In early 2007 Fucked Up were playing at Mercury Lounge, a relatively small but reasonably respectable club on New York’s Lower East Side. It was their first New York appearance since the Canadian band had been forced to cancel a slot at the CMJ Marathon a few months earlier due to visa problems. Frontman Pink Eyes (or Damian Abraham, if you prefer), related this story in conjunction with their border crossing to the current gig. Upon being told the name of the band, the immigration officer had replied, “You’ll never get anywhere with a name like that.”
But this was before the release of The Chemistry of Common Life, the album that became the last decade’s foray into hardcore for the non-hardcore kid (for the Nineties’ example, please see The Shape of Punk to Come). This was a time when the band had one full length to their name and roughly five million singles/7-inchs/spilts/etc across just about as many record labels. Hyperbolic, yes, but only slightly; Couple Tracks is Fucked Up’s second compilation of singles and rarities, following Epics in Minutes. The two compilations combined do not even come that close to accounting for their complete non-LP output.
This 25-track double album is divided up into two parts, the 'Hard Stuff' and the 'Fun Stuff.' This neglects to consider that the two are not mutually exclusive: considering the singer of the band has been known to all but assault the attendees of their gigs, many fans would probably argue that Fucked Up are fun because they’re hard, or at least fast and loud. Under the leadership of a less shouty vocalist, they could easily be categorised as a rock band, and with a particularly melodic singer possibly even an edgy pop band. Instead we have been gifted with a mammoth of a man and his socio-political and religious musings growled over catchy tunes rather than just distortion covering up three-chord tedium. This has led some to argue that Fucked Up are no longer a hardcore band at all, which does lead to the grander question of whether proficiency in one’s instrument leads to expulsion from the greater punk community, but that may best be left for another occasion.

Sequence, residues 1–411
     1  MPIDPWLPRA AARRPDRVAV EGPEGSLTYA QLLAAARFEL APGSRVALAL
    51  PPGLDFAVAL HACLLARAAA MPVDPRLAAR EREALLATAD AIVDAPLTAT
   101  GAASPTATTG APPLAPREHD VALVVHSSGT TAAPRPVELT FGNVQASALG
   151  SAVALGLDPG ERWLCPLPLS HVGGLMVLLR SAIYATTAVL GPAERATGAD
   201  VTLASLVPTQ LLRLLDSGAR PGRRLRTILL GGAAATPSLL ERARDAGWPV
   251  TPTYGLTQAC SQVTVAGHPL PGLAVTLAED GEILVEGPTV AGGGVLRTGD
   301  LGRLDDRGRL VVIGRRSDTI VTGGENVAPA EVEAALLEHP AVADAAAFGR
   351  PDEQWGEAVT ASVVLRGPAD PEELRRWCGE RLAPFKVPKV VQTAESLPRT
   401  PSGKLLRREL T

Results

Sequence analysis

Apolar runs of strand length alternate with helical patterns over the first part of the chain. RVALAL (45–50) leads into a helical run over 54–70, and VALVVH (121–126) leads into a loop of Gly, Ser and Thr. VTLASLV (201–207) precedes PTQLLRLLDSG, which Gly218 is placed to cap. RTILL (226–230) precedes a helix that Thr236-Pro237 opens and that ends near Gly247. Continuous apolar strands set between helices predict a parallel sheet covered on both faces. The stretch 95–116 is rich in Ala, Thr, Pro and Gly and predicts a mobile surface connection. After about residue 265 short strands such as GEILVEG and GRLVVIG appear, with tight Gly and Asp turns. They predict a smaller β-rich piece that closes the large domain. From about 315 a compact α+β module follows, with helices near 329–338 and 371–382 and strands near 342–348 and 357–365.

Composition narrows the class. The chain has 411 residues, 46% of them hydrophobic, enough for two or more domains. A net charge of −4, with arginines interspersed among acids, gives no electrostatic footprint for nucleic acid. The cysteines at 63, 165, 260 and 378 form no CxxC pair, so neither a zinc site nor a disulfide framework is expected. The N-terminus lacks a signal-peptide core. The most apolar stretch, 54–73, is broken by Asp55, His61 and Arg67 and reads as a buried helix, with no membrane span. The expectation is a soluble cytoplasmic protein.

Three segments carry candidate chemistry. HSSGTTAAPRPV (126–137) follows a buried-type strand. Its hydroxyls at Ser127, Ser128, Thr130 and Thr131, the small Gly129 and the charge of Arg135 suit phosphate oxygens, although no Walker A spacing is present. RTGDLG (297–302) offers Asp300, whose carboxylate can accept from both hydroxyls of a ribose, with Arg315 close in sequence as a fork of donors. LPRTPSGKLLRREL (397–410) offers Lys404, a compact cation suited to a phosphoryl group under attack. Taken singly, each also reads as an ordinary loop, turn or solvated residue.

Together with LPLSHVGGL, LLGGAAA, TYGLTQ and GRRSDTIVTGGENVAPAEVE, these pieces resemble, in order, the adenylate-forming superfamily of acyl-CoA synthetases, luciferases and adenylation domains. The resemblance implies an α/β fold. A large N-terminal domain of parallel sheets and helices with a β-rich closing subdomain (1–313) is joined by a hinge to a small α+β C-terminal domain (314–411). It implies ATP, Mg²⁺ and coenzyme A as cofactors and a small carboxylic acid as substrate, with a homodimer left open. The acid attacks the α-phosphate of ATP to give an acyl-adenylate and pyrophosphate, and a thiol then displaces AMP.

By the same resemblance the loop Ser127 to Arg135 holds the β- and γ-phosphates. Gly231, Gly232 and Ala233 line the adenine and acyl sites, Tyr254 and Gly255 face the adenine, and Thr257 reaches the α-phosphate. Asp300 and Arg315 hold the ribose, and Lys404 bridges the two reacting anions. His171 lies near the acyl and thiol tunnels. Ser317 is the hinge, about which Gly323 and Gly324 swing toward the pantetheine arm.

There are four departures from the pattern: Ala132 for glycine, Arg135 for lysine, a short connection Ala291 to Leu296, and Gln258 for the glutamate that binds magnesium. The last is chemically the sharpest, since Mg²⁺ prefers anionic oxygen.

As the career-spanning Couple Tracks reveals, Fucked Up have always been reasonably consistent in their output. The opening track is their debut single 'No Pasaran', and very satisfyingly it's the roughest of the tracks. It does feature that covert pop sensibility that makes them so curiously appealing, but also features the drum loop that every punk band uses in their early work (namely pounding the kit in an unvarying way, typically without cymbals). Over the years, they have gotten tighter and possibly more sophisticated, but still lack any polish or sheen (which of course is a good thing - who wants a punk band with a smooth surface?). But this consistency makes every B-side worthwhile. Even if Pink Eyes is taking the piss (“The mosquitoes!...The rhinoceros!”), his delivery is unwavering. It makes a song like 'He’s So Frisky' seem, perhaps, less whimsical than it’s intended to be.
The five unreleased tracks aren’t exactly the incentive they seem for completists; of the unreleased tracks, two are different takes from The Chemistry of Common Life, quite a bit shorter and snappier but not dramatically different. Two others are Daytrotter sessions, which surely have been downloaded ad infinitum (if you haven’t yet, the downloads are still available). But those who don’t want to trawl ebay and other such sites for the out-of-print singles will be happy to have these fabled tracks available to them. It’s just a shame that a release a mere month ago would have allowed more people to fit 'David Christmas' on their festive playlists.
7Amanda Farah's Score